During the last week of 1942 and the first six weeks of 1943 the Allies and Germans conducted limited attacks, trying to improve positions in central Tunisia. German Fifth Panzer Army air and ground forces hammered away at First Army. Most of the battles were centered on the road-rail routes leading from eastern ports through mountain passes to the Algerian border on the west. In January 1943, the U.S. II Corps began reinforcing First Army with additional troops, moving into southern Tunisia, adding to the British V Corps in the north and the French XIX Corps in the center.
After the fall of Tripoli to British Eighth Army on 23 January 1943, Rommel retreated hastily across Libya to Tunisia, slowing Montgomery by bombing ports of entry, fighting rear-guard actions, and by mining roads. By 6 February all of Rommel's forces were in Tunisia and he had joined with von Arnim. Rommel took over the Mareth Line, a 22-mile long series of French colonial fortifications in southern Tunisia, where the Germans prepared a defense against the approaching British Eighth Army.
Montgomery and the British Eighth Army were delayed by lengthening supply lines while the inexperienced U.S. II Corps did not attack the Germans when they had the opportunity. Taking advantage of the pause, the German Fifth Panzer Army and the Afrika Korps combined to launch a heavy armored assault against the inexperienced and unprepared U.S. II Corps. Four days of fighting around Sidi Bou Zid and Sbeitla, from 14-17 February, cost II Corps 2,546 missing, 103 tanks, 280 vehicles, 18 field guns, 3 antitank guns, and 1 antiaircraft battery.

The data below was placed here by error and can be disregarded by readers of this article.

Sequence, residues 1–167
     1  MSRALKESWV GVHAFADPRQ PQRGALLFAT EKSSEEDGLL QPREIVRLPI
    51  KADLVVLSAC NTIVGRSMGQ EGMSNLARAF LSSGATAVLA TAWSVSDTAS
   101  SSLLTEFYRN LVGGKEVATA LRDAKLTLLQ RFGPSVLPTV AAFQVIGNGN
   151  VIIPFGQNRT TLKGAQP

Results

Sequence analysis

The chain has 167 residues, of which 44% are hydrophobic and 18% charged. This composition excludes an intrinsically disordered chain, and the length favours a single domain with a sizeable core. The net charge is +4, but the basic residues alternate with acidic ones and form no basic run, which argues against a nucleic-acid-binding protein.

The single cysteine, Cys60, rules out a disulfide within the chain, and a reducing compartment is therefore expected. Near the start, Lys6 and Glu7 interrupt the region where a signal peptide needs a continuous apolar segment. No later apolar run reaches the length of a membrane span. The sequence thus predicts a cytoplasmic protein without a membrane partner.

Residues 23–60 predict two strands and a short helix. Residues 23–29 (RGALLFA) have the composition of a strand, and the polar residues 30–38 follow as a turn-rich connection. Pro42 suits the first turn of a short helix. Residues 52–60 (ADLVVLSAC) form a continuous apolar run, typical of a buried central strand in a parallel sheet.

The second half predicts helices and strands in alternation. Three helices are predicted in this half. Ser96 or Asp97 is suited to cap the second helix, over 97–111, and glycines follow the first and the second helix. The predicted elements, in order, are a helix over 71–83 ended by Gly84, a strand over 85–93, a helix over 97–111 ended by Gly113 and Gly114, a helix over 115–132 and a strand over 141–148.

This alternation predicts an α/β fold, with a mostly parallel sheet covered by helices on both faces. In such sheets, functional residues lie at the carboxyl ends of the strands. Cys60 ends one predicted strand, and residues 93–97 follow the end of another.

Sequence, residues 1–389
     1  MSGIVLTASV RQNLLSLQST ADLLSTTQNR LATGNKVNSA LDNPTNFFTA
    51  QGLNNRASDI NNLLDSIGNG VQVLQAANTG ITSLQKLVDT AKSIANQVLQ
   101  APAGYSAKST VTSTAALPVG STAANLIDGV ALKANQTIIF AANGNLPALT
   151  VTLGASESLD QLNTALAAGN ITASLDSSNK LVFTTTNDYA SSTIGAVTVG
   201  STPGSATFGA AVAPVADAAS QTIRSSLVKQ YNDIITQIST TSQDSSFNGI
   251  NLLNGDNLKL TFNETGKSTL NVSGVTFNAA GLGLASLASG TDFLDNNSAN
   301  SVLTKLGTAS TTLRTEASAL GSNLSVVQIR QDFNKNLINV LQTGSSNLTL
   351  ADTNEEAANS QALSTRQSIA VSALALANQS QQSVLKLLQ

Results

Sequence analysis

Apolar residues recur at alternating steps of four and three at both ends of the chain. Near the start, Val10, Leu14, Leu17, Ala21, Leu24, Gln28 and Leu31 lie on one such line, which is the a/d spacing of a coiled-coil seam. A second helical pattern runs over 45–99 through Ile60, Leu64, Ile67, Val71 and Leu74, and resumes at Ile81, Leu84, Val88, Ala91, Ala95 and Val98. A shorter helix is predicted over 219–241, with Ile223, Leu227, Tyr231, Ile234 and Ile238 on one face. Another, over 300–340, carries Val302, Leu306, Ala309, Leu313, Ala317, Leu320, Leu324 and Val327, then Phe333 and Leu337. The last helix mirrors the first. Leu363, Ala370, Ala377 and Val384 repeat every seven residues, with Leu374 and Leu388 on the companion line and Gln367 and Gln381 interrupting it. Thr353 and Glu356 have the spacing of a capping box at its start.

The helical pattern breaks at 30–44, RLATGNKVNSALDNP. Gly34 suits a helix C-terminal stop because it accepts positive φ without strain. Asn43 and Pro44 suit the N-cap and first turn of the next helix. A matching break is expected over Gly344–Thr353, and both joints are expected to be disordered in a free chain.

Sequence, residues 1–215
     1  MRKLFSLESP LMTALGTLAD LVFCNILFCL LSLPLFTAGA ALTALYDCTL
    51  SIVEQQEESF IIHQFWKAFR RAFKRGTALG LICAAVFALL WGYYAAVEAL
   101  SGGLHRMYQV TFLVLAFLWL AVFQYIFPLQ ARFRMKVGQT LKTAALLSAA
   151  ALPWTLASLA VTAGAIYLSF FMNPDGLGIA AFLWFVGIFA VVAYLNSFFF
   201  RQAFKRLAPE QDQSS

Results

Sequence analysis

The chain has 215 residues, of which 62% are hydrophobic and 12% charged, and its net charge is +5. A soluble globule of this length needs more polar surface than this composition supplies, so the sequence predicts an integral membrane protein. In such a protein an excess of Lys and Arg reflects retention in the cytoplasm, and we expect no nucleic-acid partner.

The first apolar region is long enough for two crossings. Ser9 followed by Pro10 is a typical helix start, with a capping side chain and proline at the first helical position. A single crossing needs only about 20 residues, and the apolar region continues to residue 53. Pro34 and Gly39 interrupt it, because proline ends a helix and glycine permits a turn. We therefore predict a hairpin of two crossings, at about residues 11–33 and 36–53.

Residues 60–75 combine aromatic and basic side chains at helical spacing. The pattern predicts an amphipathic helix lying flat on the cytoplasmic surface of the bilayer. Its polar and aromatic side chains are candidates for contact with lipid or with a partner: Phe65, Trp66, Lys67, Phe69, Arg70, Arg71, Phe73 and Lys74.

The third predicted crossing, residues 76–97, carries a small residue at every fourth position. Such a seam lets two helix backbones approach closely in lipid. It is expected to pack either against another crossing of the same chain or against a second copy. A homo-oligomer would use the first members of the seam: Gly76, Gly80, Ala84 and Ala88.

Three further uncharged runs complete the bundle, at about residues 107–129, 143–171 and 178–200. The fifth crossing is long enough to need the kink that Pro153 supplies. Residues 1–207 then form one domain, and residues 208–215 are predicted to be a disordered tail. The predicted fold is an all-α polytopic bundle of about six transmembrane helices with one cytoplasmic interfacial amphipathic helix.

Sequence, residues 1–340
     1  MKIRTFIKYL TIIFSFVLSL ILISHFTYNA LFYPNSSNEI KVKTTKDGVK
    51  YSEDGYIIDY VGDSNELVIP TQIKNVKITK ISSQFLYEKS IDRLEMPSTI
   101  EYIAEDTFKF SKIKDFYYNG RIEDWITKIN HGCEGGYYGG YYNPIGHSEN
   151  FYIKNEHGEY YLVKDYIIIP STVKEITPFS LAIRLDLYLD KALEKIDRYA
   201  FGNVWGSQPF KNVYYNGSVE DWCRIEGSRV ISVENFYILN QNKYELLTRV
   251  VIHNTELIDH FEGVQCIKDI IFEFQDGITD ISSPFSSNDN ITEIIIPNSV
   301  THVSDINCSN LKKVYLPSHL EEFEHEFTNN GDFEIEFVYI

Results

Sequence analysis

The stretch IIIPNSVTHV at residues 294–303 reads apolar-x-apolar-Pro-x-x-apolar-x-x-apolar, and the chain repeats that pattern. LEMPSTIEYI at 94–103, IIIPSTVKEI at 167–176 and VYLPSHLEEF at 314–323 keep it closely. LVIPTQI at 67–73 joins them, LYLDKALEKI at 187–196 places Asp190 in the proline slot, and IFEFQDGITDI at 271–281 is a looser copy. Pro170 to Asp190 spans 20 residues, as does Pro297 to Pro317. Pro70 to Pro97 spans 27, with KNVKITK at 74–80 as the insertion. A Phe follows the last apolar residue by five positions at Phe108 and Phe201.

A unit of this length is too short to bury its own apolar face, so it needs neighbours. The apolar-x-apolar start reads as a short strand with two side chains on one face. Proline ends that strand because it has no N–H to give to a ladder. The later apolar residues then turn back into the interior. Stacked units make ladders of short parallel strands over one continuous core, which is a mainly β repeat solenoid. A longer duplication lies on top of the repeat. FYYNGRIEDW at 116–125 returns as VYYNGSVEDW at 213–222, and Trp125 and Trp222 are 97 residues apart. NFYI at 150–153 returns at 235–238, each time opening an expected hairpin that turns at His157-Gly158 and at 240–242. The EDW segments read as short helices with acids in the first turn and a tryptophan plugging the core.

Breakthrough at Kasserine Pass
The humiliating losses at Sidi Bou Zid and Sbeitla were not the final blow. U.S. II Corps scrambled backward to establish a new defensive position, this time at Kasserine Pass, a two mile wide gap in the Dorsal Chain of the Atlas Mountains. For Rommel, Kasserine Pass was the gateway to Algeria.
With a series of forceful attacks on 19-20 February, the Germans massed armor and infantry against the ineffectively dispersed U.S. II Corps, pushing the Americans back, seizing huge stocks of abandoned equipment, and breaking through the mountains at the Kasserine Pass into the valley beyond, a spectacular success. The Germans hardly paused as they ran over the American defenses. The disastrous series of February defeats was only ended by a shift in German priorities. With the British Eighth Army rapidly approaching from Libya, Rommel could not afford to continue west. Rommel turned his force around, back to the east.